Monday, March 19, 2018

"Always Be Closing"

Last week, a parent began to ask me, "Can you use . . ." and I answered "Yes" before she had finished. In this case it turned out to be a box full of a dozen retired office phones and some computer keyboards, junk that has been sitting in a garage or storeroom or cellar for weeks or months or years. We run our school on garbage like this, accepting it to finish using before it is finally swept up in the endless flow of waste headed toward the landfill or recycling center or toxic waste dump.

I arranged the phones around our red table and the keyboards on the blue table before the kids arrived, knowing that despite a roomful of blocks, stuffed animals, and other toys, that they would make a beeline for them the moment they entered the room. And sure enough, that's where the kids collected as they arrived, knowing without being told to lift the receivers to their ears and begin mashing buttons. Few of them have these sorts of phones at their homes, the kind with coiled cords connecting them to a console, yet they have somehow absorbed enough information about the recent past to know that these large, awkward, desk-bound things are telephones.

As they stood around the table, pretending to phone one another, we adults joked that we were getting them ready for their future jobs working in call centers, evoking the famous line from the play Glengarry Glen Ross, "Always be closing." The kids took to the keyboards in the same way, often shushing us adults when we tried to play along with a curt, "I'm working on my computer right now." We joked, but the truth was that these kids, as kids always do, really were preparing themselves for their futures, not necessarily as high pressure salespeople, but as grown-ups in a world of technology.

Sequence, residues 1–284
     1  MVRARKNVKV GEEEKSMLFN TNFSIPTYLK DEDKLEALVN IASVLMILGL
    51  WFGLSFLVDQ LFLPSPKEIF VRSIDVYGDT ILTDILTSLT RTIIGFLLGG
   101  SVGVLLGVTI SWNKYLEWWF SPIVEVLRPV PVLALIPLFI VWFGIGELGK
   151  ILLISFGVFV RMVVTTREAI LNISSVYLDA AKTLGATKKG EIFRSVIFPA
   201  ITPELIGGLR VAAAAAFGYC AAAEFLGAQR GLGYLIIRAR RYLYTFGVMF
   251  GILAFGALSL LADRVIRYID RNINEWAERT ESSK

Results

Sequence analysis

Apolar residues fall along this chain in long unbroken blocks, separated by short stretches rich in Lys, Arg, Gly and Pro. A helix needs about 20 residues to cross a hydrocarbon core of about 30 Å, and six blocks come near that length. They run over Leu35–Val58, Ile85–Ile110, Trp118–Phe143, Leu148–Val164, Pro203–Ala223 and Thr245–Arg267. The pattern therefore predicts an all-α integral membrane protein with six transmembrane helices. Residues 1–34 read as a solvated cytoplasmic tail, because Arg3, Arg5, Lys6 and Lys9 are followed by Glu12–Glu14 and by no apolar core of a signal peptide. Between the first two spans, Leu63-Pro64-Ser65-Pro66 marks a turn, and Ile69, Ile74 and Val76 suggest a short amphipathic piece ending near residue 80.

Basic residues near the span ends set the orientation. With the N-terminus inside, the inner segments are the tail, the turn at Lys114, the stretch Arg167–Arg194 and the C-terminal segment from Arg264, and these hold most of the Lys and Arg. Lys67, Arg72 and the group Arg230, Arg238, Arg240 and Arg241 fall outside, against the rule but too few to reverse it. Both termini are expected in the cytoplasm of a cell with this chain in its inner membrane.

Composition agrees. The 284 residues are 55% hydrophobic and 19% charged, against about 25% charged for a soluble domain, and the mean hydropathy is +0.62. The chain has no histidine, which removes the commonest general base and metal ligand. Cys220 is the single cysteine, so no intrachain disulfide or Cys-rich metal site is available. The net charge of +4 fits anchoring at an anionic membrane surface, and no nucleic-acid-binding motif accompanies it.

Children have always been attracted to "real things" over toys. If I put a toy lawnmower side-by-side with a real one, most children, most of the time, will opt for the real one. We used to have small brooms around the classroom for the kids, but they used those as light sabers or ponies or baseball bats. When it came to actually sweeping up, they always wanted the "real," adult-sized brooms. Same goes for hand tools or kitchen utensils or anything else in a child's world: they are attracted to the real stuff because they are, invariably, driven to prepare themselves for the future they see for themselves: a real world full of real stuff and not the multi-colored plastic replicas we so often foist upon them.

When you make a study of children's play, their self-selected activities, one can almost always understand it in the context of preparing for the real world they see before them, practicing skills or behaviors or habits that they perceive they need in the world. Often, the connection is obvious, like with these retired telephones, but sometimes, especially when their play behavior is confusing or upsetting, it's less obvious, but it's there. When I find myself stumped as to the cause of problematic behavior, I often ask myself, For what part of the future is this child preparing? and my answer is often as much a revelation about our adult society as it is an insight into the behavior of children.

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